But whatever the final arrangement, Israel will continue to demand that Egypt adequately police the crossings, and Egypt will continue to fail to do so. Hamas efforts to bring in weaponry will also continue, and its support for Kassam rocket attacks on western Negev communities will remain. This process makes a major Israeli operation into Gaza, at some point in the future, a near inevitability. (Guardian-UK)
Hillel Fradkin, director of the Center on Islam, Democracy and the Future of the Muslim World at the Hudson Institute in Washington, said in an interview: "The Muslim Brotherhood has in general always looked forward to such a day - to the establishment of an 'Islamic state' as it understands it. The new situation in Gaza represents for the Brotherhood as a whole an inspiring 'achievement.' However, until last week, the 'state of Gaza' was limited in its access to the world, including to Egypt. The breach in the wall changed that. One might say that Gaza now, at least temporarily, has become linked to the Egyptian economy, and in this and other ways has become the responsibility of Egypt. It is almost as if Egypt now has a 'Brotherhood province.'" (Jerusalem Post)
The decision by the UN Security Council to abandon attempts to agree on a presidential statement on the situation in Gaza constituted a rare victory for Israel, and the ensuing discussions signified a subtle shift away from the condemnation of Israel typical of the international body. The non-binding presidential statement originally sought to condemn Israel for the humanitarian crises in Gaza, making no mention of rocket attacks on Israel.
Israeli Ambassador Dan Gillerman reminded the council that the UN charter instructs them to carefully "screen and consider" who to admit to the 15-member body, suggesting that Libya, the president of the council this month, should never have been included. "This was highlighted today by the litany of bias, distortion, bigotry and hate delivered by the representative of a country [Libya] that was itself under sanctions of this council, the same people who gave the world [the] Lockerbie [bombing]." (Jerusalem Post)
See also Israel Says Libya Unworthy of Seat on UN Security Council - Louis Charbonneau (Reuters)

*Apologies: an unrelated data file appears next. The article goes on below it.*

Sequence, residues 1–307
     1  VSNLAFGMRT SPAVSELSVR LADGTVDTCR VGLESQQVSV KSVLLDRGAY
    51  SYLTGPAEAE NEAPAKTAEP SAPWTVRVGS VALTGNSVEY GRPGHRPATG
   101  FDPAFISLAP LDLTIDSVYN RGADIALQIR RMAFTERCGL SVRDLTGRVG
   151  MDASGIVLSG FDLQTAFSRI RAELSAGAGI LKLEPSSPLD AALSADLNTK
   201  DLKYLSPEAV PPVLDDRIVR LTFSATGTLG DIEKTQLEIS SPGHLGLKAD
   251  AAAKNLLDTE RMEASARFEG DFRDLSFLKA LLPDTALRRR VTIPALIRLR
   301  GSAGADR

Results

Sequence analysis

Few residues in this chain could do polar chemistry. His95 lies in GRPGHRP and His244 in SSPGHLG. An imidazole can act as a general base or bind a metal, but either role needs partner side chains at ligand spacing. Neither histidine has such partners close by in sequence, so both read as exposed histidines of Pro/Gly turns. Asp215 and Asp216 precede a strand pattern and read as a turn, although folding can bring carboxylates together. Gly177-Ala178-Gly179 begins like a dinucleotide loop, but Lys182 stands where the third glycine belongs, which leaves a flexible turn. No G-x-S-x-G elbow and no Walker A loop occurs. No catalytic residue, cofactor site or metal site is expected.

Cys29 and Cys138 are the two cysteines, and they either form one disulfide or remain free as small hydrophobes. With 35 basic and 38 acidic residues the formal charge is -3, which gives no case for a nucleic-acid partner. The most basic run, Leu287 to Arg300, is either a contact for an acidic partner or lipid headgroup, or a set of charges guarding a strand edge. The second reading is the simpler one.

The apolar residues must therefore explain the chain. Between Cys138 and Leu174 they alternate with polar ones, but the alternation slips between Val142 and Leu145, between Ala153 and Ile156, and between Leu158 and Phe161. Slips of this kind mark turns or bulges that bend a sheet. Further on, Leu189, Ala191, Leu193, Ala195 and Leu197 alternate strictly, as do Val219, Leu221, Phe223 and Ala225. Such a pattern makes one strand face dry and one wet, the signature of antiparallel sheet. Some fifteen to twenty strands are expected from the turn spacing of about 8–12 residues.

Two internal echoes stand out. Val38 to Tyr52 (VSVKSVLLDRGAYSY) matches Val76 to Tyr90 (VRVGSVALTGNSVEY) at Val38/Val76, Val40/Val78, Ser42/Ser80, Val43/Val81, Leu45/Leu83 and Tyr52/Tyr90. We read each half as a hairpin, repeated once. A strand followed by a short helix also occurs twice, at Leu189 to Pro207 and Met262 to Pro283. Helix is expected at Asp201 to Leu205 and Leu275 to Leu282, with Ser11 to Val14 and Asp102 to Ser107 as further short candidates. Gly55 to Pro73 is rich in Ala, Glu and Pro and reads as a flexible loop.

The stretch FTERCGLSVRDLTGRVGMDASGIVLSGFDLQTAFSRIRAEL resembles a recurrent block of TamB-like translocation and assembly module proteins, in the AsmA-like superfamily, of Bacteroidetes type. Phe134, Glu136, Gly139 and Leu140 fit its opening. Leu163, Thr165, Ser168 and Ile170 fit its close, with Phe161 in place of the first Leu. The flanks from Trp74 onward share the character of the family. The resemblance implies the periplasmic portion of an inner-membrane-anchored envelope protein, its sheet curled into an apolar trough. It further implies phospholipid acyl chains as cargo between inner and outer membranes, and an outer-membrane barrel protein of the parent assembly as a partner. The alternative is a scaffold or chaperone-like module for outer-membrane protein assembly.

Israelis face a formidable array of national security threats. Weapons continue to flow from Egypt into Gaza, Hamas continues to rain down Kassam rockets on the civilian residents of the Israeli town of Sderot and on surrounding kibbutzim. In the West Bank, Israeli security forces operate around the clock to foil terrorist operations before they cross over into Israel. In the south of Lebanon, Hizbullah has rearmed. And then there is Iran, which would present a grave danger to Israel should it succeed in becoming a nuclear power.
There is a consensus among Israelis that the conditions for implementing a solution to the conflict do not now exist and are not likely to come into being anytime soon. Despite the intentions of Abbas and Fayyad, Fatah is too corrupt, the Palestinian educational system is too poisonous, Jerusalem too sensitive an issue, and Hamas too appealing to too many Palestinians. Most important, any political agreement would require the Israeli army and internal security forces to leave the West Bank, but few in Israel believe that can be done without paying an intolerable price - exposing Tel Aviv and environs, the center of the country's commercial life and home to half its citizens, to constant rocket attacks.
Because it faces up to harsh realities without losing sight of the demands of justice, the evolving consensus reflects the strength of the nation. The writer is the Tad and Dianne Taube senior fellow at the Hoover Institution, Stanford University, and a visiting professor at Georgetown University. (Weekly Standard)
The U.S. Holocaust Memorial Museum (USHMM), in conjunction with several groups in Israel, is working on a project to find surviving passengers and crew members of the Exodus 1947. There never was an official passenger manifest, and so much time has passed that this is not an easy task, says Genya Markon, the museum's curator of collections. The museum has the names of about 2,300 people who were on the ship and has made contact with 270 passengers and four crew members. Most of the known survivors live in the United States or Israel.
Rafael Medoff, director of the Washington-based David S. Wyman Institute for Holocaust Studies, says lessons of the Exodus 1947 still ring true today. "The important role of American volunteers on the Exodus is a reminder that the struggle to establish Israel was supported by a broad coalition of Americans of all faiths - and that support for Jewish statehood continues among Americans to this day," he says. "It is no surprise that many Americans sympathized with the Jewish immigration struggle, given its strong parallels to American history. Refugees from persecution were trying to build a country based on liberty and equality, only to be blocked." (Washington Times)
As the Enrichment Machines Spin On in Iran (Economist-UK)